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The DOJ delivers the Comey memos to Congress. Also on our rundown: More evidence that rent prices are out of reach in many markets; Wisconsin counties brace for sulfide mining; and the Earth Day focus this weekend in North Dakota is on recycling.

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Tax Help Available for Wisconsin Seniors

PHOTO: Once again this year, the AARP Foundation's Tax-Aide program is up and running in Wisconsin, offering no-cost tax return preparation. Tax-Aide has served more than 40 million people since it was started 40 years ago. Photo credit: midlibrary.org
PHOTO: Once again this year, the AARP Foundation's Tax-Aide program is up and running in Wisconsin, offering no-cost tax return preparation. Tax-Aide has served more than 40 million people since it was started 40 years ago. Photo credit: midlibrary.org
January 26, 2015

MADISON, Wis. – Few if any taxpayers enjoy filling out income tax forms every year, and often senior citizens discover that proper preparation of their tax returns can be a real challenge.

Mariann Muzzi, assistant state director of community outreach with AARP Wisconsin, says that's why there's AARP Tax-Aide, a program tailored to the needs of retired people and senior citizens – although she says there are no age come restrictions for using the service.

"Four out of five of the people who turn to AARP Tax-Aide are people 60 or older,” she relates. “Their household incomes aren't real high, and for many of them, a tax refund could mean they won't have to choose between paying for groceries or keeping the lights on."

Muzzi stresses it's easy to get assistance from the AARP Tax-Aide program.

"There's a toll-free number, 888-227-7669, where an individual will answer your call and ask you to provide your ZIP code, and will be able to direct you to Tax-Aide service sites in your area," she says.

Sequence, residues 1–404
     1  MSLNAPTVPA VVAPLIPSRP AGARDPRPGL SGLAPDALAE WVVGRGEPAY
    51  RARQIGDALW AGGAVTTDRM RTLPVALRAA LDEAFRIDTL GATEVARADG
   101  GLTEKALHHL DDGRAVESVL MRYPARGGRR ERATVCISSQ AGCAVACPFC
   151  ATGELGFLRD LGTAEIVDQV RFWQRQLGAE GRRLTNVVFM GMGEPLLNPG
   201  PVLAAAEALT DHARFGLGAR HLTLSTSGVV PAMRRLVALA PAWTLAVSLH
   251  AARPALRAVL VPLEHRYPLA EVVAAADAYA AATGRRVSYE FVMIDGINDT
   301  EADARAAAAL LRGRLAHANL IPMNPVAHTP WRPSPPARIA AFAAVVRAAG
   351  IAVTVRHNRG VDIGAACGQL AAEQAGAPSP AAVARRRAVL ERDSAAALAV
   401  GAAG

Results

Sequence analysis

People can also find the nearest location online at AARP.org/taxaide, along with tips on preparing for an appointment and bringing the appropriate documents.

According to Muzzi, AARP Tax-Aide provided no-cost income-tax filing assistance to about 67,000 Wisconsinites last year.

Muzzi points out that as people age, their tax returns can become more complex. Rather than drawing a paycheck from one company, retirees often have several income sources – from pensions, investments, retirement plans and Social Security.

"And all of these different sources of income interact and have implications for our taxes,” she explains. “And that's why AARP Tax-Aide volunteers are really well-qualified to take a look at all of those different considerations and help people get the best possible return."

She adds the AARP Tax-Aide volunteers get their training from AARP and the IRS, so they are up-to-date on the latest changes in both federal and state tax laws.


Tim Morrissey, Public News Service - WI